I have got a strawberry barrel but unfortunately the instructions hav
got damaged. What should I fill it with ? A compost and grit mix ?
I have ericareous and normal compost what is best ?
BTW I live in London, UK and our tap water is quite hard
It's been at least 20 years since I helped build a strawberry barrel
and don't recall there any trick to filling it. We used black dirt
and manure on top of a 1" (25mm) bed of gravel. You should cut and
perforate a length of PVC pipe to put upright in the center of the
barrel for watering. The pipe should at least 2" (50mm) in diameter
and be cut to at least 1" (25mm) above the soil level. The
perforations I drilled were 1/8" (3mm) and 4 holes per inch. The
pipe was then filled with gravel.
I have never read or heard the word "ericareous" before.
Please take a moment to explain it.
The barrel I helped build was in Chicago which gets colder
than a mother-in-law's heart and was moved into a moderately
heated garage to protect it from January nights at -20C to
-30C (that's not a typo). My father moved it with a tractor.
But I have no idea of how cold a winter night in London can be.
As for the tap water: as long as it is outside, rain water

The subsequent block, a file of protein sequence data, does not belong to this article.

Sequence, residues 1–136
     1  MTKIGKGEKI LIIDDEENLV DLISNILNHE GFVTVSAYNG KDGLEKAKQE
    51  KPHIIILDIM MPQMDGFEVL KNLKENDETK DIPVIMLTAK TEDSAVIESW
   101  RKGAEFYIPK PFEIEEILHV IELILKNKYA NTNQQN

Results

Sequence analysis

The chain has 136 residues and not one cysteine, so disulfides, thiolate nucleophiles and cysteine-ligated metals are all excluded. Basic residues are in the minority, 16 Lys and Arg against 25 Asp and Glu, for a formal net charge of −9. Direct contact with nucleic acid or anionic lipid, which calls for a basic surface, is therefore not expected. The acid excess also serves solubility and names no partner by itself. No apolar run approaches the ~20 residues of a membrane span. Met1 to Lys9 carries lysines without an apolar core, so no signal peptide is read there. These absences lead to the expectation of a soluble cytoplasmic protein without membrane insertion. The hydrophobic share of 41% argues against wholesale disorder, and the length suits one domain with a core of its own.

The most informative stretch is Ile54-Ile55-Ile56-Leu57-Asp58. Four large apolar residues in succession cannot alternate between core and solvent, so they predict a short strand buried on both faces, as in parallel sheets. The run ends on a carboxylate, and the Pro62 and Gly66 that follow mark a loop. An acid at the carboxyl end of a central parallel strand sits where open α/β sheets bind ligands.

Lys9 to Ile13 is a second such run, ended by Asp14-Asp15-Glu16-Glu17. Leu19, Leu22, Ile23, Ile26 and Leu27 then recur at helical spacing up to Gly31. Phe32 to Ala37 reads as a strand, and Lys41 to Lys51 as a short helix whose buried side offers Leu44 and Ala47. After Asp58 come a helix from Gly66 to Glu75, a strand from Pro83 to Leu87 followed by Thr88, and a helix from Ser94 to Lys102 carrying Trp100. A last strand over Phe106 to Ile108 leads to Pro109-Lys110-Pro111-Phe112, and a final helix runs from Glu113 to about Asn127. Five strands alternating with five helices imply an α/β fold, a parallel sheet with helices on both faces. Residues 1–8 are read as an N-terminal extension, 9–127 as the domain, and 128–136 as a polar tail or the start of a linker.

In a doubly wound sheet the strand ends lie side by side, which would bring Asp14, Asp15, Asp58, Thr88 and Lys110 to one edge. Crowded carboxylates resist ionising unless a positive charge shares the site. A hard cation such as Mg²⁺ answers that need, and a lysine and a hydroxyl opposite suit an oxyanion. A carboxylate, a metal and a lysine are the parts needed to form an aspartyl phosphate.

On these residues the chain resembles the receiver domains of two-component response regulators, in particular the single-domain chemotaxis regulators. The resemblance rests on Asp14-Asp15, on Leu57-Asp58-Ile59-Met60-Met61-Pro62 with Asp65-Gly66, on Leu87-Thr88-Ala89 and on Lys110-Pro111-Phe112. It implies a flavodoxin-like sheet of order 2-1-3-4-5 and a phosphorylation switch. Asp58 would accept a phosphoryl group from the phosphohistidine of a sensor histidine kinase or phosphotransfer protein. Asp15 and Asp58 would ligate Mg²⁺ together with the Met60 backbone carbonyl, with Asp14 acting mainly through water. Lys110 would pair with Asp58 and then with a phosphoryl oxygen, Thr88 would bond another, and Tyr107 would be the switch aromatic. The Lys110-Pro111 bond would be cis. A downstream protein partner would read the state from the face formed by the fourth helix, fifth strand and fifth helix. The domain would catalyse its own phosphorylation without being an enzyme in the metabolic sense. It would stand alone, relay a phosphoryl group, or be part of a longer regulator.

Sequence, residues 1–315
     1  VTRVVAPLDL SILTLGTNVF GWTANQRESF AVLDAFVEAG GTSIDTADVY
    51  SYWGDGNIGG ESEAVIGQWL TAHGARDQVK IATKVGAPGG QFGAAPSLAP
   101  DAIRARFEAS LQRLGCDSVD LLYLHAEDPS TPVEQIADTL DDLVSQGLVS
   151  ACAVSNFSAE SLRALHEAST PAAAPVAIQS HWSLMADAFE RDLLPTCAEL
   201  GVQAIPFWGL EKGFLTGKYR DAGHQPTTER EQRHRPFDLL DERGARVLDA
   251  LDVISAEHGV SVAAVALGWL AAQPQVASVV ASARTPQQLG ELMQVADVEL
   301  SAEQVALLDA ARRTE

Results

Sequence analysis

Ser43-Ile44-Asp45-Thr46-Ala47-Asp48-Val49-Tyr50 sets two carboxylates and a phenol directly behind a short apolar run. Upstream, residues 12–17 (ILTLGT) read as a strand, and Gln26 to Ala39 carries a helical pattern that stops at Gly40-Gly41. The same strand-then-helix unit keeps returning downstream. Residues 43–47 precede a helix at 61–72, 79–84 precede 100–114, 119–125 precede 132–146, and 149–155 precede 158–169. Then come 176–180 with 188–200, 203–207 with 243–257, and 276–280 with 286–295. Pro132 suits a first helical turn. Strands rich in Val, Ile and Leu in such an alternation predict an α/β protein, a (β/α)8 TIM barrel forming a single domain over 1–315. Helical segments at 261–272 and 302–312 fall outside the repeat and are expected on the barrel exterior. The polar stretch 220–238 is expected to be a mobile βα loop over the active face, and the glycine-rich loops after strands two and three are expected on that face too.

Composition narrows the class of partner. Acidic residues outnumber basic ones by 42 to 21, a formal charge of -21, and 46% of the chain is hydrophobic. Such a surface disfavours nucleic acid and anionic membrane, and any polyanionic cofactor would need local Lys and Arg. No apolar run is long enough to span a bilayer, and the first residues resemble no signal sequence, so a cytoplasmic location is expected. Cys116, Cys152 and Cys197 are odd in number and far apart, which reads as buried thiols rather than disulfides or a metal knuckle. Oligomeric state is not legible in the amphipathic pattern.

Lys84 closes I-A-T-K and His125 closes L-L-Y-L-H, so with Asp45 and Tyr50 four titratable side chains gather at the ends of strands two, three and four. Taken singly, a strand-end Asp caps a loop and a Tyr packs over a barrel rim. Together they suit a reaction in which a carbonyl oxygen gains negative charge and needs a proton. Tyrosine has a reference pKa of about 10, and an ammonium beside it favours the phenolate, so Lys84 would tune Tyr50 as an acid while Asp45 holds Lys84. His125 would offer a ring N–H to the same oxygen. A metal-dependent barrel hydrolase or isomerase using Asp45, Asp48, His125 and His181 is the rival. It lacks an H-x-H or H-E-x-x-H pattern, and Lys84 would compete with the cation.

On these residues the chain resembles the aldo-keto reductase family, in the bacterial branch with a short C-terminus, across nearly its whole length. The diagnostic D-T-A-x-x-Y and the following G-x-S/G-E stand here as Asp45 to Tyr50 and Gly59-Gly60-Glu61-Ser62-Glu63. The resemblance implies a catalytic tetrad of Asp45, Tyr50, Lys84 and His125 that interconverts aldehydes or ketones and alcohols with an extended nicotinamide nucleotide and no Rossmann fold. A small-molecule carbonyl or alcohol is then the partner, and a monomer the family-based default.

should be ok unless you have severe taxic rain.
I searched the web looking for 'ericareous' only to learn
that the woed is 'ericaceous'. Even more of a downer is
that it refers to a family of plants which include azaleas,
blueberries, and huckleberries. I was hoping to find a
specific compost mixture.
So what is the difference between compost used for acid
loving plants and 'normal' compost?
from firstname.lastname@example.org (Dick Adams) contains these words:
Commercial manufacturers do. The composts they sell are a recipe of
(say) loam, sand and grit, plus fertiliser. The lime element is in the
fertilisers. Have a look at "John Innes" at
http://www.bpfs.org.uk/en/fkb/compendium/j.htm . JI composts (bought or
home made) are used by many gardeners in the UK.
Some amateurs also sprinkle lime or chalk or potash (wood ash) as they
fill up their compost heaps, to counteract the natural acidity of
Not necessarily; it depends what goes into it and how you treat it.
For instance I don't seive what comes out of my compost heaps, so it's
much too coarse for seed sowing. In any case it doesn't contain enough
loam or grit for sowing seeds or rooting cuttings.
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